DingDong shares settled their first day of trading only two cents about their listing price after the company slashed the size of its listing by nearly 70% as the founder and Chief Executive, Liang Changlin, emphasized that the firm has just gone through a $1 billion funding round and that additional capital wasn’t “essential”.
Shares of the Chinese online grocery delivery firm ended yesterday’s stock trading session at $23.52 per share, settling only two cents above the listing price while the company secured a total of $95.69 million from the offering, down from an initially expected figure of $357 million.
DingDong stated that it plans to use half of the proceeds received from the offering to increase its penetration in the markets it currently serves while 30% will be invested in improving the firm’s “upstream capabilities”.
The offering was priced at the lower end of the range the company guided a few days ago, with a total of 3.7 million American Depositary Shares (ADS) being sold to investors versus a total of 14 million units it initially planned to release. Two ADSs account for one ordinary share of DingDong.
The stock gained as much as 27.7% during intraday action at $30 per share but then settled at $23.52, with a total of 2.47 million shares exchanging hands during the session according to data from TradingView.
Morgan Stanley, BofA Securities, and Credit Suisse USA acted as the lead bookrunners for the offering while Mission Capital Management also participated as an underwriter for the deal.
More information about DingDong
DingDong, now trading in America under the ticker DDL, is a Chinese online grocery delivery service backed by SoftBank. The company ended 2020 with sales of $1.73 billion according to the prospectus filed with the US Securities and Exchange Commission (SEC) while gross merchandise volumes (GSV) landed at $1.99 billion by the end of the same period.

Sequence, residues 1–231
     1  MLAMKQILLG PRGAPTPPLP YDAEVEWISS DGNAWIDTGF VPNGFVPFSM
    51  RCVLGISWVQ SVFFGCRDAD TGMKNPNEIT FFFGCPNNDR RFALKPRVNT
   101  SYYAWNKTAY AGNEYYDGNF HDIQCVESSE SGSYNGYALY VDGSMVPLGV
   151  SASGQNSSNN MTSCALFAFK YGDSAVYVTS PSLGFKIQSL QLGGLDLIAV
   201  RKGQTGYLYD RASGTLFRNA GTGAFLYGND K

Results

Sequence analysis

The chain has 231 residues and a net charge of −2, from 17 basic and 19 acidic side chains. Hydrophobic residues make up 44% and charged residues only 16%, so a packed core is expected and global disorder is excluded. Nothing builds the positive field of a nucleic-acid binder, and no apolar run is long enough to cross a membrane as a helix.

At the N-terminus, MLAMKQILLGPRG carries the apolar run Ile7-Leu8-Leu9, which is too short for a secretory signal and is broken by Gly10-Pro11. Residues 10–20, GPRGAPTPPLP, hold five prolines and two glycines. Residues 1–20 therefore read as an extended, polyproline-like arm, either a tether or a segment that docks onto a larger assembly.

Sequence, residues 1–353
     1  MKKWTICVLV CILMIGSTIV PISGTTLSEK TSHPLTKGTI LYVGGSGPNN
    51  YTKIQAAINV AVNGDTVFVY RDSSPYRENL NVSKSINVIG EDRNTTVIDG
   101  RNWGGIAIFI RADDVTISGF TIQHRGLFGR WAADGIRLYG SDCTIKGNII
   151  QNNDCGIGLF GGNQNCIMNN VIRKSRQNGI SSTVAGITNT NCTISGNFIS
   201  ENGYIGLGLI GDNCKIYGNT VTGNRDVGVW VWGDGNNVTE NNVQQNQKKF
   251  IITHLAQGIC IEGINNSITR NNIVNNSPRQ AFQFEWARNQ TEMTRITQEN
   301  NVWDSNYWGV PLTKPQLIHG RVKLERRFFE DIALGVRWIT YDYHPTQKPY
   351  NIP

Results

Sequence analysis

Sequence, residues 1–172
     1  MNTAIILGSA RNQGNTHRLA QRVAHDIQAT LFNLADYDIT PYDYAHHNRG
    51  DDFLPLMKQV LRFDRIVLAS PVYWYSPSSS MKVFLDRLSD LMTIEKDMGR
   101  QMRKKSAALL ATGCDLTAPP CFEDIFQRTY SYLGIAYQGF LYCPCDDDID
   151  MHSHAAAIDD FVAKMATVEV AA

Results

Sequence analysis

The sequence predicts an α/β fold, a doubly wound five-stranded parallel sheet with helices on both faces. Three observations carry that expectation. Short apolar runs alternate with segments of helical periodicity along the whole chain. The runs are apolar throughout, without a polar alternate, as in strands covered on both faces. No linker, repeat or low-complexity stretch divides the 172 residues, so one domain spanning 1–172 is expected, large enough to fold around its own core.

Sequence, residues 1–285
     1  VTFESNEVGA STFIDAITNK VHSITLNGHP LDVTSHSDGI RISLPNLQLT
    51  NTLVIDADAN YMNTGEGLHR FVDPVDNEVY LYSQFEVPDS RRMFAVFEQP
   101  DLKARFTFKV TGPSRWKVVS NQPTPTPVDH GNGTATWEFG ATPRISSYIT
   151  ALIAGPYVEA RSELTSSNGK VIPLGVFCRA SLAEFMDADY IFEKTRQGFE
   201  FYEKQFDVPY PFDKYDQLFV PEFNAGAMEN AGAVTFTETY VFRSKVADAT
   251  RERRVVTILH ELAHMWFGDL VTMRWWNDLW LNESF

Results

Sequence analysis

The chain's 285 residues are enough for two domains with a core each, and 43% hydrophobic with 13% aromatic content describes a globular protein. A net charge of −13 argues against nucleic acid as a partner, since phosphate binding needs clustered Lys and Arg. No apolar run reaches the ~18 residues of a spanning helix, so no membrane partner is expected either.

The company covers a total of 29 cities at the moment while it served an average of 4.6 million transacting users during 2020, up from 2.6 million the year before. Meanwhile, in 2020, the firm processed a total of 198.5 million orders from customers, more than doubling the volume it handled in 2019 when it processed 93.9 million orders.
The firm highlighted China’s incredibly large grocery market and elevated on-demand e-commerce volumes as the main opportunities for the business, with the total market being expected to grow to $79.26 billion by the end of 2025.
DingDong’s financials indicate that the company produces a negative gross margin after the cost of goods and fulfillment expenses are deducted from sales, although those negative margins shrunk from 33% to 17% from 2019 to 2020.
Meanwhile, the company reported a net loss of $484.9 million by the end of 2020, which resulted in a lower 28% net loss margin compared to the 48.3% the firm reported last year. Moreover, the company had a total of $673 million in cash and equivalents by the end of 2020.
Changlin Liang is the single largest shareholder in the company with a 30.3% ownership and an 82.2% aggregate voting power. Meanwhile, the top institutional shareholders include DDL Group Limited with 15.7%, EatBetter Holding Limited with 11.6%.
What’s next for DingDong?
Based on a total market capitalization of $8.3 billion DingDong is being valued at 4.5 times its 2020 sales – excluding cash – while the firm continues to lose significant amounts every year. Although the total addressable market is quite high, the company’s poor financials might stand in the way of obtaining a higher valuation multiple at the moment.
Meanwhile, yesterday’s 5-minute price action shows consistent selling since the opening bell although the stock is gaining 4.8% in pre-market action this morning.